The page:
Five Trends Transforming Financial Advice

I find myself in a front-row seat every day as I speak with leaders of major financial institutions about their strategies for advancing their businesses and our industry.

Reflecting on our conversations, I see five trends in the race to improve financial advice, described here and on my latest WealthTech on Deck podcast.

1. More people are retiring than ever and want and need advice. 

As many as 12,000 people turn 65 each day. They have more assets than any previous generation, and their millennial children will have even more.

Just as boomers have changed everything, they are redefining retirement. Many left their jobs in the pandemic, although some appear to be returning to work. They continue to redefine retirement. Here’s a hint (and latest buzzword): they want it “hyper-personalized.”

Their financial circumstances are complex. Many have an array of taxable and tax-qualified accounts, life insurance, annuities, and real estate. And no generation feels more responsible for their financial outcomes and retirement income than these folks.

More money is pursuing the best advice. This will last for decades to come.

2. Investors will move beyond the shiny object syndrome to household-level management. 

The unrelenting pattern I’ve observed over 40 years—of investors buying high, selling low, and falling for the latest-greatest products—must and will cease.

Investors too often do the wrong things, whether with mutual funds, tax shelters, annuities, managed accounts, tech stocks, day trading, exchange-traded funds (ETFs), representative as portfolio manager (rep as PM), crypto and direct indexing.

Many of these products have their place, but none is a silver bullet. To help them maximize retirement income, advisors are challenged to coordinate multiple holdings, accounts and products, factor in costs, risks, and taxes, and optimize Social Security benefits.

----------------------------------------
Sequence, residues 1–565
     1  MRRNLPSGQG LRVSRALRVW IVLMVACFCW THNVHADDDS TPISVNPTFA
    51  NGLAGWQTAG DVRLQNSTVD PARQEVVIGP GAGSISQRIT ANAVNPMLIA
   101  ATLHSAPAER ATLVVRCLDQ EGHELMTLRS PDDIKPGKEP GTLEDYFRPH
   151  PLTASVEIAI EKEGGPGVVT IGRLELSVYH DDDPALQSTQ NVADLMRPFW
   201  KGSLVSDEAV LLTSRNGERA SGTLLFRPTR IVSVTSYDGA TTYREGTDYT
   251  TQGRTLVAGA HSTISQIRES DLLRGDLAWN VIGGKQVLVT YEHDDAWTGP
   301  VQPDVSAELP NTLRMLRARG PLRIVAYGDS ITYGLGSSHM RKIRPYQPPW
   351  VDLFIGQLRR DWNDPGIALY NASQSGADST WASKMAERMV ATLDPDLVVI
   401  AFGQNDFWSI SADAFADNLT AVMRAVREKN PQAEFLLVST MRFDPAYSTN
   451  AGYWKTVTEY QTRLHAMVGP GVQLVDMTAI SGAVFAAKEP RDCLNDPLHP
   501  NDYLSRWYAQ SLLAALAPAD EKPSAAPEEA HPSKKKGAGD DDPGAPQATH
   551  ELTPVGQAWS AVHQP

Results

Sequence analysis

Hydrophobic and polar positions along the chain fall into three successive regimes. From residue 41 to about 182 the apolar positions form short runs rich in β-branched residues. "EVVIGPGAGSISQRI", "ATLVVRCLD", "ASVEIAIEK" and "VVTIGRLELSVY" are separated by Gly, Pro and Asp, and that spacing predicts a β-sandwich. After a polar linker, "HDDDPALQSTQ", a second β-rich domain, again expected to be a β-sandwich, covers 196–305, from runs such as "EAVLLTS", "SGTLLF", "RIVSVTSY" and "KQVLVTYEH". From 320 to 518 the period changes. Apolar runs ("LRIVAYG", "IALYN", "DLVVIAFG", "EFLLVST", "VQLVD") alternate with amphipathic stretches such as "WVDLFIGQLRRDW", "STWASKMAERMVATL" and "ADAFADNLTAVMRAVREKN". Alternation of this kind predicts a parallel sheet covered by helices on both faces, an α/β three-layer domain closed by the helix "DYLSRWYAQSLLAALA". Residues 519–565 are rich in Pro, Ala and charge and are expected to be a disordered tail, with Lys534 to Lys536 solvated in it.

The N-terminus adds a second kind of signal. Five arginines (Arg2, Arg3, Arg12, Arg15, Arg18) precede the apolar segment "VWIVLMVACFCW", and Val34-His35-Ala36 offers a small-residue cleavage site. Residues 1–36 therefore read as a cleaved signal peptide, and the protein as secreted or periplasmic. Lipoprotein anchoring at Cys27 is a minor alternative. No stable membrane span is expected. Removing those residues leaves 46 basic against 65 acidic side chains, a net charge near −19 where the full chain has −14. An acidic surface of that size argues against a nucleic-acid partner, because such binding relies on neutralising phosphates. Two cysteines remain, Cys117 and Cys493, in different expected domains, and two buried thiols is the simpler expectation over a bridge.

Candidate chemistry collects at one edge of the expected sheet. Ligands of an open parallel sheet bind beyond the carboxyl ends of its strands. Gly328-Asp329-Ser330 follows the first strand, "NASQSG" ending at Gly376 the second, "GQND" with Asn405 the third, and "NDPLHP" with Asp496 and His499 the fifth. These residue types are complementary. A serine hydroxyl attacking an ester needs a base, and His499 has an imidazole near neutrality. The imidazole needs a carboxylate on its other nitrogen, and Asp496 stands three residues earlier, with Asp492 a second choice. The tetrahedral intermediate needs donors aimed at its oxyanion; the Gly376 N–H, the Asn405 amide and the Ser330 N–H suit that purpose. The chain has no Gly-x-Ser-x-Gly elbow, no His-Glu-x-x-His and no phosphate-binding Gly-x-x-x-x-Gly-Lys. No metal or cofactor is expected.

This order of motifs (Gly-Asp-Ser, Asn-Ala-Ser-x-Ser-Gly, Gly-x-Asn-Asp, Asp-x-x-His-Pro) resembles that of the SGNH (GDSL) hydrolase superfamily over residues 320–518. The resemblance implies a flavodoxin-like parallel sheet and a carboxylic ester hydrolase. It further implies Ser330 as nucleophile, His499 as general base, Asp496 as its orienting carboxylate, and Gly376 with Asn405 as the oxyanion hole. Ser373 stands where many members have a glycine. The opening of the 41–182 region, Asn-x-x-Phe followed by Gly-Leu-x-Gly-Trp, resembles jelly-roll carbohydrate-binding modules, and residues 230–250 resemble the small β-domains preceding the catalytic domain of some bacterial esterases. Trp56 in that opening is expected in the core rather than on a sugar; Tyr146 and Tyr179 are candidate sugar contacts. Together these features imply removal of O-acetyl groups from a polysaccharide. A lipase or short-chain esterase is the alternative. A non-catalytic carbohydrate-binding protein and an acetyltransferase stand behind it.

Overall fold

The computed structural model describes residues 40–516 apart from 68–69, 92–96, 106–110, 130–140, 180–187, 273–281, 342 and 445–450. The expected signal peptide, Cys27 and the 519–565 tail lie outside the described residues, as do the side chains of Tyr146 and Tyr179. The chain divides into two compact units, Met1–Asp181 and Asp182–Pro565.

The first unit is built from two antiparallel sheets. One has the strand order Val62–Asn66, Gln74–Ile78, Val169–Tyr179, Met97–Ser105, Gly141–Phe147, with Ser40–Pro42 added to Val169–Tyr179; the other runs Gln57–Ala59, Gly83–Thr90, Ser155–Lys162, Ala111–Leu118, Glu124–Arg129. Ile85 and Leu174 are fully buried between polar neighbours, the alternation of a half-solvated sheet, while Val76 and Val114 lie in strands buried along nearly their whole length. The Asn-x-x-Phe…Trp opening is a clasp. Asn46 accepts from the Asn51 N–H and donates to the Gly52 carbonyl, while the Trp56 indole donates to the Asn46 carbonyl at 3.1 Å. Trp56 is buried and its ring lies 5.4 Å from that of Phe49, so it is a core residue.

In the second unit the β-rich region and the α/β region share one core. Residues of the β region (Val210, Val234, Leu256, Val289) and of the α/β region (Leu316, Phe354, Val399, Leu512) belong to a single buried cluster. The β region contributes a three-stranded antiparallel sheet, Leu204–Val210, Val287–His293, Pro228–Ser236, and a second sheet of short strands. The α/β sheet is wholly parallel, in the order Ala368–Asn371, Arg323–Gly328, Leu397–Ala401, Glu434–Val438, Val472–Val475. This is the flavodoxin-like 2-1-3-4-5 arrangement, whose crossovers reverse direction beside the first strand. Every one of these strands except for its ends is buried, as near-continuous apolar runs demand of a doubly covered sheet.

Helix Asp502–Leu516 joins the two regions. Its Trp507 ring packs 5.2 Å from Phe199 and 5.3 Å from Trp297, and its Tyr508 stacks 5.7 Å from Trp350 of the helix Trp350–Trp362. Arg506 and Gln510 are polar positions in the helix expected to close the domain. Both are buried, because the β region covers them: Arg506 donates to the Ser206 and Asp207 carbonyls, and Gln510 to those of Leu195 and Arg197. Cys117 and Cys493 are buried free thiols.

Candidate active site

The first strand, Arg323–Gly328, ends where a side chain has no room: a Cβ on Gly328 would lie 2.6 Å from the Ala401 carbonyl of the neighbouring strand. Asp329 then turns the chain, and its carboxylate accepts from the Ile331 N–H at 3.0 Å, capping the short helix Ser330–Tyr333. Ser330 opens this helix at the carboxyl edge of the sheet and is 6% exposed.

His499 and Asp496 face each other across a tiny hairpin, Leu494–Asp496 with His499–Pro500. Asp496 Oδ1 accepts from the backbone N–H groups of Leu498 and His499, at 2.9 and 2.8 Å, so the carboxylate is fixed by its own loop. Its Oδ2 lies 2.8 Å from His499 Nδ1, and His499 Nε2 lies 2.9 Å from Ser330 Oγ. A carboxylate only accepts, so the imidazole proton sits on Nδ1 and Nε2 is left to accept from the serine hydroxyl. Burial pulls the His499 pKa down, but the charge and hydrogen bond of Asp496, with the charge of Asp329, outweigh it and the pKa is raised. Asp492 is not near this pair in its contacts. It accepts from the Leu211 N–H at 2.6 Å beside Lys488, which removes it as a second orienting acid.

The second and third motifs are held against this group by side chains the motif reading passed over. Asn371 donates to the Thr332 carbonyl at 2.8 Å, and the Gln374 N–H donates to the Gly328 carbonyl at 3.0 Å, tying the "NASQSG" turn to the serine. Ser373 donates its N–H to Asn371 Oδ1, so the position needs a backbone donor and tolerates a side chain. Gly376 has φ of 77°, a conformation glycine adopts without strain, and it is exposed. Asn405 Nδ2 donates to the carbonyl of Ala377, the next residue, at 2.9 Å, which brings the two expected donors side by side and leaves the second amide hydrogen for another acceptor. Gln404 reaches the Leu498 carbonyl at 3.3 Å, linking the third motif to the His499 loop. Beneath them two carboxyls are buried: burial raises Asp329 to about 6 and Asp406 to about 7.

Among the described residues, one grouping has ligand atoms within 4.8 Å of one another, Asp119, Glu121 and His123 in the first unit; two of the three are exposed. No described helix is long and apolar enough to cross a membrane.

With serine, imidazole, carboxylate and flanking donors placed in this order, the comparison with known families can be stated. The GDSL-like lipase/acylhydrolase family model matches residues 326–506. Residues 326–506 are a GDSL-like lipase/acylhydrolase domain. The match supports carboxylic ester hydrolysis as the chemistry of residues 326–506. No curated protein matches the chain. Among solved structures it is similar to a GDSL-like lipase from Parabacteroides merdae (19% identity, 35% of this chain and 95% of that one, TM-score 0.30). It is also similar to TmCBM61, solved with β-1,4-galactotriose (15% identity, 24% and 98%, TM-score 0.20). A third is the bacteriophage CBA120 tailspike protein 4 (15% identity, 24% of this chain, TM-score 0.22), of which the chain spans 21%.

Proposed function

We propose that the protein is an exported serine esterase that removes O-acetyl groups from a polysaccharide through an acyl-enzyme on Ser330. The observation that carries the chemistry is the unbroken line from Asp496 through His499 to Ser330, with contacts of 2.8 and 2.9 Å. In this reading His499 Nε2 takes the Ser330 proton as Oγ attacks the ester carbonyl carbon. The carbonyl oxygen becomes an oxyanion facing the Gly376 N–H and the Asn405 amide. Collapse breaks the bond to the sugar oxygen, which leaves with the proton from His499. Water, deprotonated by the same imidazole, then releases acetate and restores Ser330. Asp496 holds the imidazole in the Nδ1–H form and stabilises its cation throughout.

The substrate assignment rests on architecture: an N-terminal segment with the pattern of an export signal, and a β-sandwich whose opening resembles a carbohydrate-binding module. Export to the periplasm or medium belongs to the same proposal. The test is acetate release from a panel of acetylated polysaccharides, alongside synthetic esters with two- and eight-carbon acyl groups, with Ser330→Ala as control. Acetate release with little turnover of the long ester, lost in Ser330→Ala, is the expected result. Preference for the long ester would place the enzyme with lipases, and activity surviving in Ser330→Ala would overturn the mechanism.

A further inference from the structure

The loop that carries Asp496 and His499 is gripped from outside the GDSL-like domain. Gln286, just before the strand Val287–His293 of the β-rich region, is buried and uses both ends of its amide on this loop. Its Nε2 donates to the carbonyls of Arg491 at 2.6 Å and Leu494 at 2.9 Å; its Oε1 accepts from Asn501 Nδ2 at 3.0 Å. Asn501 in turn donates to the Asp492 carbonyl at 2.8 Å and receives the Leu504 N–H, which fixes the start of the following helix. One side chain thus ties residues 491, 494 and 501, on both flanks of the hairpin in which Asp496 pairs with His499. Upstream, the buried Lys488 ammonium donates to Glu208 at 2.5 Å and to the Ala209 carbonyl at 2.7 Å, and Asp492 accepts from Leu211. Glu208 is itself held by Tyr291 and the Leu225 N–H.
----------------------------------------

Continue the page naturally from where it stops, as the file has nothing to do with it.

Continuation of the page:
We must lead investors toward coordinated household management for their own good—and yours.

3. Workplace retirement, wealth and asset management, annuities and alternatives are converging. 

Tomorrow’s clients begin their retirement journey today through workplace plans. As their assets grow, they start understanding the value of advisory services. Increasingly, they seek an all-inclusive approach to financial well-being that advisors must be able to provide.

Morgan Stanley is out in front on this, with other firms in pursuit: J.P. Morgan, Orion, Edward Jones, Wells Fargo, UBS, Merrill, Envestnet, Goldman Sachs, LPL and many more.

It takes billions of dollars—and vision—to develop platforms that put advisors in the position to provide truly holistic advice.

4. Technology is powering the embrace of comprehensive advice platforms. 

The human brain isn’t wired to do algorithms or the necessary math to manage risks, costs, and tax liabilities at the household level.

One-size-fits-all rules of the thumb are inadequate. Spreadsheeting takes hours – time advisors don’t have. Software can and should automate much of it.

So, firms are creating comprehensive advice platforms to meet clients’ needs for true portfolio advice and retirement income planning.

Going back to the 2009 Smith Barney merger, Morgan Stanley invested heavily in their platform to coordinate legacy systems and new technologies. Fast forward, and they’ve doubled net new assets yearly for the last three years, making them the fastest-growing firm among the majors.

They’ve launched an advisor Tax Academy and built the first comprehensive household-level retirement income program, Intelligent Withdrawals.

And they’ve only just begun. 

5. Human advice will always matter. 

Boomers are swarming advisors’ offices. Millennials are in their 30s and early 40s. Many assumed that they’d shun human advice—they were wrong.

Both generations recognize the value of human advice and software's essential role in delivering hyper-personalized financial plans and executing them for the best results.

Meanwhile, more advisors are retiring than joining the business. Those who remain need technology to be more efficient and provide better advice.

Requisite advisor skills have shifted from investment advice only to family and life advice. That includes:

  • Listening to what matters in all aspects of clients’ lives. Financial advice is much more than portfolio management.
  • Problem-solving skills, including how to meet multi-generational needs and wants regarding lifestyle, longevity, estate planning and healthcare.
  • Coaching clients in developing and strengthening habits around managing assets, liabilities and cash flow so clients can achieve financial peace of mind.

I hear this from execs investing in the future: there’s never been a more exciting time to be an advisor in the tech-powered, human-led financial advice business.

Related: How the Best Advisors are Getting Better